Scots pine and gin bush go in botanical Noah’s Ark

Picture: Tony Williams
Picture: Tony Williams
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SOME of Scotland’s best-loved and most vulnerable trees and shrubs are set to be preserved in the vaults of a botanical Noah’s Ark in an effort to safeguard native species for the future.

Seeds from species including Scotland’s national tree and the critically endangered gin bush juniper are to be collected and stored at the new hi-tech Millennium Seed Bank as experts work to find a solution to some of the key dangers facing global woodlands.

Trees area major component in the ecosystem. If you lose them there is a huge impact on other species – you get a domino effect”

DAVID KNOTT

There is currently no comprehensive and genetically representative seed collection for all native tree populations found across the country. The UK National Tree Seed Project was set up in 2013 to fill that gap.

The scheme, which has already been rolled out across England, is now being extended throughout Scotland and Wales.

It will preserve examples collected from every zone in which a species occurs and from all genetically distinct populations.

The project will make the material available for scientists working on major new challenges that are threatening forest survival, such as climate change and alien pests and diseases.

A new consortium of Scottish organisations will be working with the seed bank at Kew Gardens to complete the collection, including Forestry Commission Scotland, Royal Botanic Garden Edinburgh (RBGE) and several conservation charities.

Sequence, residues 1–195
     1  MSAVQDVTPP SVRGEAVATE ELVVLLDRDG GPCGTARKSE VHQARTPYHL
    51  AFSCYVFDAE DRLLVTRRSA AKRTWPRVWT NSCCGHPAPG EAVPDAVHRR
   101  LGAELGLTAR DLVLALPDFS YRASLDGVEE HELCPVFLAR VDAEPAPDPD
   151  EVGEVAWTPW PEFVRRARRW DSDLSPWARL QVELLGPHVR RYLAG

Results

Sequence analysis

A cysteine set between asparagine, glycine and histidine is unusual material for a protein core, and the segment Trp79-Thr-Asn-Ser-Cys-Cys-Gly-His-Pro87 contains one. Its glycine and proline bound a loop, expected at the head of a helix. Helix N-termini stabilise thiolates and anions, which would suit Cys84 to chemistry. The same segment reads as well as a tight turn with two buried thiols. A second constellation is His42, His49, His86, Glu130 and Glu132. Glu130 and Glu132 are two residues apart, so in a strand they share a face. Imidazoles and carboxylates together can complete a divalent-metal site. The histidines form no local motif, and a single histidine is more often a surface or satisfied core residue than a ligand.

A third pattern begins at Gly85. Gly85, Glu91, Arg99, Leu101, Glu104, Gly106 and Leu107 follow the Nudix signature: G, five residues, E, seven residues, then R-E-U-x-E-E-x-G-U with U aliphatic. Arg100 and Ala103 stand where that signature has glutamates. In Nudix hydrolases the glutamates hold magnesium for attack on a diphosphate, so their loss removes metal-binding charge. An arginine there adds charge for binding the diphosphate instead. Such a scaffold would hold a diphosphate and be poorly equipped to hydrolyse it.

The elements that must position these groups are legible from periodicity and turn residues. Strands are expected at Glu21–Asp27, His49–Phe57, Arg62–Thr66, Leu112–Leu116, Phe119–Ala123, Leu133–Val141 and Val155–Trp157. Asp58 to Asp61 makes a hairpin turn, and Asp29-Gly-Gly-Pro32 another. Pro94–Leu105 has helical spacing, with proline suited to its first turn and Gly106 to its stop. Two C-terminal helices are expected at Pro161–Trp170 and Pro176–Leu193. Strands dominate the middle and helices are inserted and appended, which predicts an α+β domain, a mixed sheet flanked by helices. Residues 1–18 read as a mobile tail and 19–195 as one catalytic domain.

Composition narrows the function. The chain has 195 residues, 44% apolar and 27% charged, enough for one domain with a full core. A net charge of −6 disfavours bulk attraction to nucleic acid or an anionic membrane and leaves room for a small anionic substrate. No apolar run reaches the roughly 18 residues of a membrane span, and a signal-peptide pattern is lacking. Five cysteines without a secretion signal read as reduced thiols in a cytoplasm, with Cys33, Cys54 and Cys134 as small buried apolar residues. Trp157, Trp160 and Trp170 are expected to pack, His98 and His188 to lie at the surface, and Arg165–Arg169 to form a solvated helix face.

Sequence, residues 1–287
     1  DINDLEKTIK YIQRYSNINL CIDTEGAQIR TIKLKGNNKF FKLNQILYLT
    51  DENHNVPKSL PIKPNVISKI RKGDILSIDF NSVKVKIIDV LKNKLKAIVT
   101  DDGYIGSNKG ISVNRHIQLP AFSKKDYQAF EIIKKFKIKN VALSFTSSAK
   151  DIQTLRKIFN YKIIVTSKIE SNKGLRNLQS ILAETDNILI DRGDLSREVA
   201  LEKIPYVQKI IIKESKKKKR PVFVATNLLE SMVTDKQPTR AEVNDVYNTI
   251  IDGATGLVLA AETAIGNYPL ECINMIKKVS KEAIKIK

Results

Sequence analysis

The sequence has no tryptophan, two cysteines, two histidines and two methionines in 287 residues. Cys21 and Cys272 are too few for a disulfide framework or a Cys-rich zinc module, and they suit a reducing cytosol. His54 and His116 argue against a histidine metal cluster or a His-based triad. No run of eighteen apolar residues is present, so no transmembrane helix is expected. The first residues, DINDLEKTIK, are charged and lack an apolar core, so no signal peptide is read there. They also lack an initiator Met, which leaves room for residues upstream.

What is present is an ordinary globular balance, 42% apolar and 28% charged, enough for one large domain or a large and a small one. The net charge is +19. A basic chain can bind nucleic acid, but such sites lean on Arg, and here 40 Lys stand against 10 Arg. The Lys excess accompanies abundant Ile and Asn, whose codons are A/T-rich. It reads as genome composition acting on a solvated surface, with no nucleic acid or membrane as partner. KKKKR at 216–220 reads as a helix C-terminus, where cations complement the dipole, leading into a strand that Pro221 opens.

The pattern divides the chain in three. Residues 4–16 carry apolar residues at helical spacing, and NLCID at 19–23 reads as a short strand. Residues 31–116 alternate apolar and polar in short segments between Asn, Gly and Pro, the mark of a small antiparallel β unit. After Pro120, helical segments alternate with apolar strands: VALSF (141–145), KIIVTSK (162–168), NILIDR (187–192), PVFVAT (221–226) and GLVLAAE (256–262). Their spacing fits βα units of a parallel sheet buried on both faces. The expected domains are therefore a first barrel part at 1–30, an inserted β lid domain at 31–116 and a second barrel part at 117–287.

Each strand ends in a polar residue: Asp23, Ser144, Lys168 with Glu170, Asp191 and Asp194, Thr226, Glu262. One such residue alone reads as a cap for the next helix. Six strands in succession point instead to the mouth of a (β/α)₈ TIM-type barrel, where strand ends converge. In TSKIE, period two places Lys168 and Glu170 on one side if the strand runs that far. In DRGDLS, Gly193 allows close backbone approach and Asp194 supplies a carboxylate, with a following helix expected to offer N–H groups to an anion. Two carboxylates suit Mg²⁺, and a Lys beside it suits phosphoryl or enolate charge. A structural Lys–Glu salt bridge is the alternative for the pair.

Many already collect tree seeds for use at a local level but this latest move will ensure the full genetic diversity of Scottish tree populations is represented and preserved for wider use.

Experts say the seed bank is a vital resource for those working to develop more resilient woodlands across the UK and will also raise the capacity for collection and supply of native species for planting across Scotland.

“The major benefits of this project are in the battle against major threats to native trees,” said David Knott, curator of living collections at RBGE.

“We need to do everything we can to ensure their survival. There is also the wider habitat, the ecosystem. Trees are a major component. If you lose them there is a huge impact on other species – you get a domino effect.

“It is very important to safeguard the long-term future of our trees. If in another two or three generations or more we can use these seeds to ensure the survival of a species, that can only be a good thing.”

Project coordinator Clare Trivedi said: “In recent times we have seen an increasing threat to our trees from many newly arrived, often very aggressive pests and diseases, and challenges associated with climate change.

“Establishing the UK’s first comprehensive national tree seed bank is absolutely crucial.

“The UK’s tree cover is amongst the lowest in Europe. Avoiding further degradation of our woodlands, and the wider environmental, economic and social impacts of this, ultimately hinges on conserving the valuable genetic diversity of our trees and shrubs.” As well as juniper and Scots pine, targeted species include common ash, common alder, silver birch and the closely related downy birch.